'Osteomyelitis' is a medical condition defined as an inflammation or infection of the bone or marrow, often caused by bacteria or fungi, which can lead to symptoms such as pain, swelling, warmth, and redness in the affected area, and may require antibiotics or surgical intervention for treatment.
Inflammation of the SPINE. This includes both arthritic and non-arthritic conditions.
Tuberculosis of the bones or joints.
'Spinal diseases' is a broad term referring to various medical conditions that affect the structural integrity, function, or health of the spinal column, including degenerative disorders, infections, inflammatory processes, traumatic injuries, neoplasms, and congenital abnormalities.
The removal of foreign material and devitalized or contaminated tissue from or adjacent to a traumatic or infected lesion until surrounding healthy tissue is exposed. (Dorland, 27th ed)
Infections with bacteria of the genus STAPHYLOCOCCUS.
Arthritis caused by BACTERIA; RICKETTSIA; MYCOPLASMA; VIRUSES; FUNGI; or PARASITES.
A gamma-emitting radionuclide imaging agent used primarily in skeletal scintigraphy. Because of its absorption by a variety of tumors, it is useful for the detection of neoplasms.
'Mandibular diseases' refer to various medical conditions that primarily affect the structure, function, or health of the mandible (lower jawbone), including but not limited to infections, tumors, developmental disorders, and degenerative diseases.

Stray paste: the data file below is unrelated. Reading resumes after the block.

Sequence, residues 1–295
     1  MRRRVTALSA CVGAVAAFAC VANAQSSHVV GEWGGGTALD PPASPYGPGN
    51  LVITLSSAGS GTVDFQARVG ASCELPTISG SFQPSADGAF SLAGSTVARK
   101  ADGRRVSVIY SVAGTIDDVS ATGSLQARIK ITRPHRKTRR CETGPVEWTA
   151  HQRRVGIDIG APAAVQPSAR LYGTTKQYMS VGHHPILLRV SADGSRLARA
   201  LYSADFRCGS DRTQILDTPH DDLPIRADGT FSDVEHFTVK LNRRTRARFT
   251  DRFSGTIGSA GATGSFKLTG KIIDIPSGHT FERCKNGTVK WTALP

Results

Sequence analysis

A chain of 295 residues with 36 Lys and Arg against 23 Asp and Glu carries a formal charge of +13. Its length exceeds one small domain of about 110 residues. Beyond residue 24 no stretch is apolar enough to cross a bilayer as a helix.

Accumulation of purulent material in tissues, organs, or circumscribed spaces, usually associated with signs of infection.
Substances that reduce the growth or reproduction of BACTERIA.
Bone diseases caused by pathogenic microorganisms.
Common foot problems in persons with DIABETES MELLITUS, caused by any combination of factors such as DIABETIC NEUROPATHIES; PERIPHERAL VASCULAR DISEASES; and INFECTION. With the loss of sensation and poor circulation, injuries and infections often lead to severe foot ulceration, GANGRENE and AMPUTATION.
Potentially pathogenic bacteria found in nasal membranes, skin, hair follicles, and perineum of warm-blooded animals. They may cause a wide range of infections and intoxications.
A bone that forms the lower and anterior part of each side of the hip bone.
Circumscribed collections of suppurative material occurring in the spinal or intracranial EPIDURAL SPACE. The majority of epidural abscesses occur in the spinal canal and are associated with OSTEOMYELITIS of a vertebral body; ANALGESIA, EPIDURAL; and other conditions. Clinical manifestations include local and radicular pain, weakness, sensory loss, URINARY INCONTINENCE, and FECAL INCONTINENCE. Cranial epidural abscesses are usually associated with OSTEOMYELITIS of a cranial bone, SINUSITIS, or OTITIS MEDIA. (From Adams et al., Principles of Neurology, 6th ed, p710 and pp1240-1; J Neurol Neurosurg Psychiatry 1998 Aug;65(2):209-12)
A long, narrow, and flat bone commonly known as BREASTBONE occurring in the midsection of the anterior thoracic segment or chest region, which stabilizes the rib cage and serves as the point of origin for several muscles that move the arms, head, and neck.
A pathologic process consisting in the formation of pus.
Anatomical and functional disorders affecting the foot.
The second longest bone of the skeleton. It is located on the medial side of the lower leg, articulating with the FIBULA laterally, the TALUS distally, and the FEMUR proximally.